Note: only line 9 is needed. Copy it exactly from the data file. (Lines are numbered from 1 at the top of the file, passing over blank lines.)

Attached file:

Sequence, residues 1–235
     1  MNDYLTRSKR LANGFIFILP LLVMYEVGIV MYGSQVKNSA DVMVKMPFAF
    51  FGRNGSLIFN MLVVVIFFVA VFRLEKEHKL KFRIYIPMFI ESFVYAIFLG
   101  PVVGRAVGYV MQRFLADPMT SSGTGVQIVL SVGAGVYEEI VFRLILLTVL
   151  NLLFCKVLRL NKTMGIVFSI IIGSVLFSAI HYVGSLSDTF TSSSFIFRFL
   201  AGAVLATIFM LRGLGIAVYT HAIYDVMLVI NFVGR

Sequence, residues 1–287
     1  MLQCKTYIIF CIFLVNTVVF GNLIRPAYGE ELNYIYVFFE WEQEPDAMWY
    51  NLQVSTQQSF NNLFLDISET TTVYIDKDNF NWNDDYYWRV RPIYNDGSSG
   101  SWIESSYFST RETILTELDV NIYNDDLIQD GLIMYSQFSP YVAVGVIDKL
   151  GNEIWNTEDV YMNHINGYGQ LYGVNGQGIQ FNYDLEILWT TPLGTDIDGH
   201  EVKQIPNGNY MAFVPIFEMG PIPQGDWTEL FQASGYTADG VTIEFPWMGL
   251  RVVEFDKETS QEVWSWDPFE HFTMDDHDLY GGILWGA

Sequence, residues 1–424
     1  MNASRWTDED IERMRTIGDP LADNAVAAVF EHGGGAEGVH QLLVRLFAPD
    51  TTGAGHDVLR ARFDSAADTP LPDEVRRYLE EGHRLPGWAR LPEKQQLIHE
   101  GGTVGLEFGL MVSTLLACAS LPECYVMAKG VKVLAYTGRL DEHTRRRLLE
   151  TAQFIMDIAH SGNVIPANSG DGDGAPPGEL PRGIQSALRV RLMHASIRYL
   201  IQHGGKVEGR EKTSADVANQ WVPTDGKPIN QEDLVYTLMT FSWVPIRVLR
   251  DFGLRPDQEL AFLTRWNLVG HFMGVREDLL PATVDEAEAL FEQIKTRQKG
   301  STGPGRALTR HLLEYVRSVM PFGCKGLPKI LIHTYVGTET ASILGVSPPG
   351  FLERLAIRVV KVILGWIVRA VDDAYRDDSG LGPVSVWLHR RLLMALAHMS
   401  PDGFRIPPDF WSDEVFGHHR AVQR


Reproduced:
    51  NLQVSTQQSF NNLFLDISET TTVYIDKDNF NWNDDYYWRV RPIYNDGSSG